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Effect of feeding pattern on infant illness in Chinese cities

  • Li Cai (a1), Pan Yu (a1), Yumei Zhang (a1), Xiaoguang Yang (a2), Wenjun Li (a3) and Peiyu Wang (a1)...



To investigate the effect of different feeding patterns on the occurrence of diseases among infants.


Data on socio-economic status, feeding patterns before 6 months (exclusive breast-feeding (EBF); mixed feeding with breast milk and formula (MBF); exclusive formula-feeding (EFF)) and illness of infants were collected via face-to-face interviews. The proportions of infants who had ever been ill or hospitalized and their potential influence factors were investigated.


Eight large cities in China.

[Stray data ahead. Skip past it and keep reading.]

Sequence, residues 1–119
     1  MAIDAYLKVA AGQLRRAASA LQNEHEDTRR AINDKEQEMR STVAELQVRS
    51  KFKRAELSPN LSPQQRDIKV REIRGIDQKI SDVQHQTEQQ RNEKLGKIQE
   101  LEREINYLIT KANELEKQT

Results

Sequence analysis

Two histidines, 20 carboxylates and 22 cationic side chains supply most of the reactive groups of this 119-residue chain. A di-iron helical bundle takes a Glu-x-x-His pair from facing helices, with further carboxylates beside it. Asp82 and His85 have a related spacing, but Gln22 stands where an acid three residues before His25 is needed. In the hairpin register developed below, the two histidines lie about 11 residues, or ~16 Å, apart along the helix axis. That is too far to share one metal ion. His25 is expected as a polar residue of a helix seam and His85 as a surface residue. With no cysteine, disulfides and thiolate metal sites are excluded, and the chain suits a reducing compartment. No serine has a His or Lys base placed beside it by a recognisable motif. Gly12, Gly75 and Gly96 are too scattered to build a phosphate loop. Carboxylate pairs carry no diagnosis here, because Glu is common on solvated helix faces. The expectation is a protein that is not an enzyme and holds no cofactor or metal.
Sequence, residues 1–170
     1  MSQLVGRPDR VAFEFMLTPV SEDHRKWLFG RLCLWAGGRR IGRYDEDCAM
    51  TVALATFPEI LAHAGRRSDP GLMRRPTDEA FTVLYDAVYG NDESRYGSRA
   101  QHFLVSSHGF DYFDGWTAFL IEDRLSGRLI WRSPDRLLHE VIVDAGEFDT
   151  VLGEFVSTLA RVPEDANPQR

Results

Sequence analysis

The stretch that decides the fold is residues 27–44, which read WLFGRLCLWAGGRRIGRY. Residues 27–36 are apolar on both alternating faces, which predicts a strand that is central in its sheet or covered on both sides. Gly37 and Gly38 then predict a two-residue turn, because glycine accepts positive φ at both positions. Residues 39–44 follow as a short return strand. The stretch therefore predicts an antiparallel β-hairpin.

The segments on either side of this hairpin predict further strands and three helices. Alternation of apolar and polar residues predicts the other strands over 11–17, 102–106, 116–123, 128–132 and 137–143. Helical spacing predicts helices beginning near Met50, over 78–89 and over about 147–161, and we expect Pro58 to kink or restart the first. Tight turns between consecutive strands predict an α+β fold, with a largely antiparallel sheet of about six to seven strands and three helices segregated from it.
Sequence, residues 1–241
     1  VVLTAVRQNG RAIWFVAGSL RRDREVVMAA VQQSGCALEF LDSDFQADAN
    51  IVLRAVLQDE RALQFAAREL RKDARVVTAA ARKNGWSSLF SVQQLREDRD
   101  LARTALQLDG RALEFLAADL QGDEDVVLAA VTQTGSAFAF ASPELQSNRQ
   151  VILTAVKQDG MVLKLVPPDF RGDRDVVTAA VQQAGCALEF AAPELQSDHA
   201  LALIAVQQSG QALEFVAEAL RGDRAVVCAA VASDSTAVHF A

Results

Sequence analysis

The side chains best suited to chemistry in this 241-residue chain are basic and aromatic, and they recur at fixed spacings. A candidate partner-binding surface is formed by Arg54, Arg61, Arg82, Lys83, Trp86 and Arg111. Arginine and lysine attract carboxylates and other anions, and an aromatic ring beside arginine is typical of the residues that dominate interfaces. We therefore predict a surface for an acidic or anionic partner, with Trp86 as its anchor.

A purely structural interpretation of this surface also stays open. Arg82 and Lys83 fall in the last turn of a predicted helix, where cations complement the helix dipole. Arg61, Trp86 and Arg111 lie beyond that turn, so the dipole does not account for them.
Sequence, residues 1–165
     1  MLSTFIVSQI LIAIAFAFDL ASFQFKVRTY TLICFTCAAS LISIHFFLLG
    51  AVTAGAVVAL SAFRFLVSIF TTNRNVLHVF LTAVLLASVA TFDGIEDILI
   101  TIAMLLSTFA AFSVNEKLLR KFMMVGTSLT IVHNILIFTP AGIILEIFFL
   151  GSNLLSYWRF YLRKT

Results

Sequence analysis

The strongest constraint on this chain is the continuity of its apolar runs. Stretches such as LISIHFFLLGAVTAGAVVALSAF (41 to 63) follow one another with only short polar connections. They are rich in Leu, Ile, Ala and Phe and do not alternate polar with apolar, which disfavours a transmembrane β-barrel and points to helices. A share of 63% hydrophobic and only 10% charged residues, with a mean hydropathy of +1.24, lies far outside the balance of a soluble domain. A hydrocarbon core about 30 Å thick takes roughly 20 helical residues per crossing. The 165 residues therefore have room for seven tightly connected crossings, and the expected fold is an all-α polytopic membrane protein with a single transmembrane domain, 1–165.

Infants (n 1654) aged 0–11·9 months were recruited from hospitals.


For infants aged 0–2·9 months, the percentage who had been ill was 19·2 %, 24·1 % and 26·3 % among the EBF, MBF and EFF groups, respectively. For those aged 3–5·9 and 6–11·9 months, the corresponding percentages were 41·6 %, 45·6 % and 51·0 %, and 67·0 %, 73·4 % and 67·7 %. Respiratory disease was the most common reported illness and cause of hospitalization. The risks of having (total) illness, diarrhoea and respiratory disease increased significantly with age, but not allergic disease. Compared with EBF, MBF and EFF infants had significantly higher risks of having illnesses except for allergic disease, and feeding patterns were not related to hospitalization. Low birth weight, middle family income and low level of mother’s education also increased the risk of illness.


A protective effect of EBF against total illness in urban Chinese infants was found. An increasing trend with age was observed among the percentages of infants who had been ill or had diarrhoea or respiratory disease, but not allergic disease.

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